It's the year of the worms, said entomologist Silvia Rondon during the Hermiston Agricultural Research and Extension Center's annual Potato Field Day.

Damage done by caterpillars and other "worms," she said, is affecting wheat, grass and other crops.

And the potato tuberworm, armyworm, cutworm and other insects that eat the potato plant, have become as unpredictable as the weather, said research technician Brad Hollis.

"This year has been crazy," he said. "We saw things in February that we don't usually see until July."

Spring's cold and wet weather, he said, should show a general decrease in hatchings, but a few days of warm weather could cause a sudden insect explosion.

Every week, Hollis and his crew inspect the 4,600 potato plants in their test plots for insect activity, and every week they find something new, he said.

Hollis and Rondon weren't the only scientists who were happy to talk about the joys and frustrations of potato growing during potato field day June 24, which drew about 50 area scientists, growers and consultants.

Agronomist Don Horneck presented the latest on fertilizer and potato production; agronomist and potato specialist Dan Hane discussed the development of potato varieties; plant pathologist Russ Ingham talked about nematodes; and Phil Hamm, the station's superintendent and plant pathologist, spoke about "determining symptoms of PVY strains, both below and above ground."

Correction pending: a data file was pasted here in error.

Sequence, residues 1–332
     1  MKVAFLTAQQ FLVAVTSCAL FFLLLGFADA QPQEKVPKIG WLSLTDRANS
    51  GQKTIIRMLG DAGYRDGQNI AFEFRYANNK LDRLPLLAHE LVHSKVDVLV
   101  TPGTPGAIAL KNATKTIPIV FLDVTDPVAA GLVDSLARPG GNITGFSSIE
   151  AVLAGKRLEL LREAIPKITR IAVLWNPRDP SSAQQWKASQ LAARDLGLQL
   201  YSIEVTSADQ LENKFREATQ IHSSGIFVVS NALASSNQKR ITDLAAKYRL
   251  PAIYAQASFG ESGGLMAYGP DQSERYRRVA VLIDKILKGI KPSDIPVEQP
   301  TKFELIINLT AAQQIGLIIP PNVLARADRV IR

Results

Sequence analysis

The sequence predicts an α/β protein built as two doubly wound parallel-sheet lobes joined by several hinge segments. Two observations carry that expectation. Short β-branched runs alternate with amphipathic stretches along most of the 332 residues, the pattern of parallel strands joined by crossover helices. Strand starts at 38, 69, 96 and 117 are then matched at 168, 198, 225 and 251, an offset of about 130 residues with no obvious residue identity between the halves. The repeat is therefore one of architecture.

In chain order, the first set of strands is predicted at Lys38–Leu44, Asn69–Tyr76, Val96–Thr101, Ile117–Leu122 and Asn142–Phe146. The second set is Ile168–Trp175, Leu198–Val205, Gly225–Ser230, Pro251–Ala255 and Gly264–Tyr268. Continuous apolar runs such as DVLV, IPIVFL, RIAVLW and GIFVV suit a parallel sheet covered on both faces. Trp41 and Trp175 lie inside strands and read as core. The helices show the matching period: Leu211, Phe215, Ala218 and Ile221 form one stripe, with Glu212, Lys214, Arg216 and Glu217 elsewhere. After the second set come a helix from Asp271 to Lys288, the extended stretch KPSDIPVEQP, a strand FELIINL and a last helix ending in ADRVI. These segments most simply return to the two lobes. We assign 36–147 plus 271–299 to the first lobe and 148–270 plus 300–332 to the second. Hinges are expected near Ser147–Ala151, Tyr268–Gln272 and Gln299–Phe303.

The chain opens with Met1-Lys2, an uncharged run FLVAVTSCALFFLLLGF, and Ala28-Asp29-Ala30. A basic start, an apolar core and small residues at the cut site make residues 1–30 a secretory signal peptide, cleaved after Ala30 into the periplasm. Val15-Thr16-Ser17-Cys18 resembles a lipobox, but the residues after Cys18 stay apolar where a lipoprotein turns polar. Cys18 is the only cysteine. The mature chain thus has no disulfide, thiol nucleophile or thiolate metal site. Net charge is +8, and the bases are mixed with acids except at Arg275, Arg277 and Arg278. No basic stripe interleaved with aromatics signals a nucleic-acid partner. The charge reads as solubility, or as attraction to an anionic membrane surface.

Peter Mercer, who grows 2,000 acres of potatoes near Alderdale, Wash., found the talks on fertilizer most useful.

The price of fertilizer, he said, has gone through the roof, so he is looking for ways to use it more efficiently, and also maintain a high yield on his crops.

Olericulturalist George Clough said the price of fertilizer is just one problem facing potato farmers.

All inputs have seen phenomenal increases, he said, and this year the yields will be down because of the weather, which has slowed the potatoes' growth.

"We're about 2-4 weeks behind," he said.

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